Why people confess to crimes they didn't do

Prosecutors may vacate sentences of five teens in Central Park jogger case.

The Central Park jogger case - one of the most chilling in recent New York history - is about to become one of the most controversial.

Thursday, the Manhattan district attorney is expected to ask the State Supreme Court to vacate the convictions of the five young men who confessed to the 1989 brutal assault and rape. This summer, a serial rapist in prison on another charge also confessed. But unlike the five young African-American men, he gave an accurate account of the assault, and his DNA matches evidence found on the jogger.

Thursday's court hearing is the culmination of a high-stakes drama that calls into question the tactics of the New York police investigators as well as the city's legendary prosecutor's office, at a time when the nation's entire justice system is under increased scrutiny for racial disparities. But it also raises the more baffling question as to why people would willingly confess to crimes they did not commit.

Experts say it's far more common than one would expect. During lengthy interrogations, police often lead suspects to believe they have no other options but to confess. The most vulnerable to such tactics are the young and those with very low IQs.

"It's a reaction to a feeling of utter hopelessness and despair that virtually anything I say about my innocence is going to be ignored, and my only way out of this interrogation room is to accede to the interrogators' demands," says Steven Drizin, a professor at Chicago's Northwestern University School of Law and an expert on false confessions. "The whole purpose of police interrogation tactics is to convince a suspect that it is in his best interest to confess to a crime."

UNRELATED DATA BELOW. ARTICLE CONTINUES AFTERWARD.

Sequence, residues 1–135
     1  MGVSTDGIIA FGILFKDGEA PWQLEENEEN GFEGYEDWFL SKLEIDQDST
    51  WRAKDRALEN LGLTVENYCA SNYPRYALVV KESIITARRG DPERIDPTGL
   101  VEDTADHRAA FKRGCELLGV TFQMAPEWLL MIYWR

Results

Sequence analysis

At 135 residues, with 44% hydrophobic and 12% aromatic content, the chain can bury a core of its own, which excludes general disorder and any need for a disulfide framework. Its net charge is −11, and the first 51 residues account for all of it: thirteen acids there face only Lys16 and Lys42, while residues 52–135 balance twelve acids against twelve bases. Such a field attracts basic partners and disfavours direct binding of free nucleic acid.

Since 1992, the Innocence Project has helped win exonerations in 116 cases based on DNA evidence. In 27 of those cases, the defendant had confessed.

Professor Drizin himself has a databank with more than 100 cases in which confessions were proved false in the past 10 years. He believes that's the "tip of the iceberg" because his data was gathered from press reports, and many coerced confessions are proved false before trial.

The high-profile nature of the jogger case is fueling a national effort to prevent coerced confessions and police misconduct by requiring that all interrogations be videotaped. Currently only Minnesota and Alaska have such laws, but more than a dozen states are now considering them.

"Part of the problem in the Central Park jogger case is that we don't know what went on for hours in the interrogation rooms before they confessed," says Nina Morrison, the executive director of the Innocence Project, a nonprofit organization in New York.

Not the answer?

But some police experts caution that videotape is not infallible. Joseph McNamara of Stanford University's Hoover Institution notes that during the 1960s, New York required that all interrogations be taped. But the policy was abandoned because it was easy to turn the recorder off, or take the suspect into another room when a detective wanted to use controversial tactics.